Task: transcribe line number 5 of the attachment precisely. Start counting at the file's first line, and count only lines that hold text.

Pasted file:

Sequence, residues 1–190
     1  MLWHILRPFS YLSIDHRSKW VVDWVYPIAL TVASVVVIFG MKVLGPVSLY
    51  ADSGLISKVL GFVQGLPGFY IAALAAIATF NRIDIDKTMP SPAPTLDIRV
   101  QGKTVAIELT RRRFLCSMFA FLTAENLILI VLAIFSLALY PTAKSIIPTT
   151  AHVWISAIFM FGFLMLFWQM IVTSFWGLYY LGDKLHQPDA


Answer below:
   151  AHVWISAIFM FGFLMLFWQM IVTSFWGLYY LGDKLHQPDA